"Who gets an authorization to repair every time a car comes in?" Bryant surveyed the crowd. "How many of you work off an insurance estimate? How many don't write your estimate? Is your auto body license number on your estimates and your business cards? Do you give a warranty on your work and list the terms of that warranty for your consumer? Do you give notice to your customer that they have the right to receive replacement parts?"
Each hypothetical question that Bryant posed led to a variety of reactions as hands went up and down in response to these basic business practices. After polling the crowd, Bryant passed out documents to attendees that broke down Department of Insurance (DOI) regulations and highlighted important passages to help shop owners find success in a challenging industry.
"We're all familiar with the ways that insurers complicate our daily business," Bryant said. "And everyone in this room knows that these practices are not once in a blue moon. They happen regularly. But the Department of Insurance says that they cannot take action against an insurer unless the damaging thing the insurer is doing can be proven to be a 'general business practice.'"
The DOI regulations over Unfair Claims Settlement Practices state that any poor business practices on behalf of insurers must be "committed in conscious disregard to the law or...committed with such frequency as to indicate a general business practice to engage in that type of conduct."
As Bryant explained to the crowd, this would be the equivalent of if "a police officer had to catch you running a red light three times in one week before he could give you a ticket."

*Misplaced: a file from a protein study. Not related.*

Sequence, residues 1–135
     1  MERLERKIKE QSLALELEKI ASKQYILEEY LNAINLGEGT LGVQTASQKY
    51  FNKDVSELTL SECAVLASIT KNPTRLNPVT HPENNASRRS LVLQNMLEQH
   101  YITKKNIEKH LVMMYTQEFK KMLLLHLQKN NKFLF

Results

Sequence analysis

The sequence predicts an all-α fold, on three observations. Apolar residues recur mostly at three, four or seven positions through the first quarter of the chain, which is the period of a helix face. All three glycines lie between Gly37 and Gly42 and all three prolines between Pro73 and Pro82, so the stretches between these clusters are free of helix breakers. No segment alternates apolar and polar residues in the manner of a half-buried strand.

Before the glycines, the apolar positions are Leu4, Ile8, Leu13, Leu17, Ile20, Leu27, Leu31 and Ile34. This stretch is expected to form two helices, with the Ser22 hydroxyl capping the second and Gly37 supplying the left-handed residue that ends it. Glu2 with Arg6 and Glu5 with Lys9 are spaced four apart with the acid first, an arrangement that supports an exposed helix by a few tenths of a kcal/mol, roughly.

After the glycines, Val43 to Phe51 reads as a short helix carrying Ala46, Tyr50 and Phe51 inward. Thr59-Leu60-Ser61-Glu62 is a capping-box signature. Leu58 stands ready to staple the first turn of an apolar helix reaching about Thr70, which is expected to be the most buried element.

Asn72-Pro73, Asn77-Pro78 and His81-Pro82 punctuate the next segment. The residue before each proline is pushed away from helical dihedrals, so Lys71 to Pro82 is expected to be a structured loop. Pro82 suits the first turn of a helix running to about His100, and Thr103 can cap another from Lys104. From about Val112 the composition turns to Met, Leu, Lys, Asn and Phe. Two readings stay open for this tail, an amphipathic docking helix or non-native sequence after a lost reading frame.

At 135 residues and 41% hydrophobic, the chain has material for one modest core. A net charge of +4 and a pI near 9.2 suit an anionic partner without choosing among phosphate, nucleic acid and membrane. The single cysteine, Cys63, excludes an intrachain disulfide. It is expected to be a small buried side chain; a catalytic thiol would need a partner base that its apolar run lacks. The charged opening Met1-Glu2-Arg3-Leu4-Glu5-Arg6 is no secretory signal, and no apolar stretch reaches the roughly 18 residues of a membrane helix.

So in order to truly take a step toward bettering the industry for all shops across the state, Bryant offered shop owners in attendance one large piece of advice.
"When you encounter an insurer who says, 'We don't pay for that,' or 'You're the only one who charges for that,' do yourself and your fellow shop owners a favor and submit a complaint to the DOI,” Bryant said. “If we work together as an industry, we can get changes made."
After going through the regulations set forth by the DOI, attendees shared some grievances with one another, commiserating about the unfair practices facing them as shop owners and sharing practices that have worked for them.
"The best thing you can do is educate your consumer," said one attendee. "You have to be more involved in how you handle your customer and your claims. Explain to them their rights as your client and your rights as a shop. Tell them everything you're doing, why you're doing it, and how it's going to help them."
Bryant also brought up some of the resources provided by AASP/NJ to help shops in their day-to-day business, including the AASP/NJ Hot Line, Labor Pool, equipment exchange, insurance benefit programs and the AASP/NJ Legal Defense Fund.
"There are certain things facing us that we won't solve here tonight," Bryant explained. "We may not even get them solved completely through [the DOI] regulations. I believe the only way we will really make this industry better is through standing our ground, working together and by bringing the terrible things insurers are doing to us to a court of law."
For more information on this meeting and AASP/NJ, please visit aaspnj.org or contact AASP/NJ Executive Director Charles Bryant at 732-992-8909. For more information on AASP/NJ's NORTHEAST® Automotive Services Show, please visit aaspnjnortheast.com.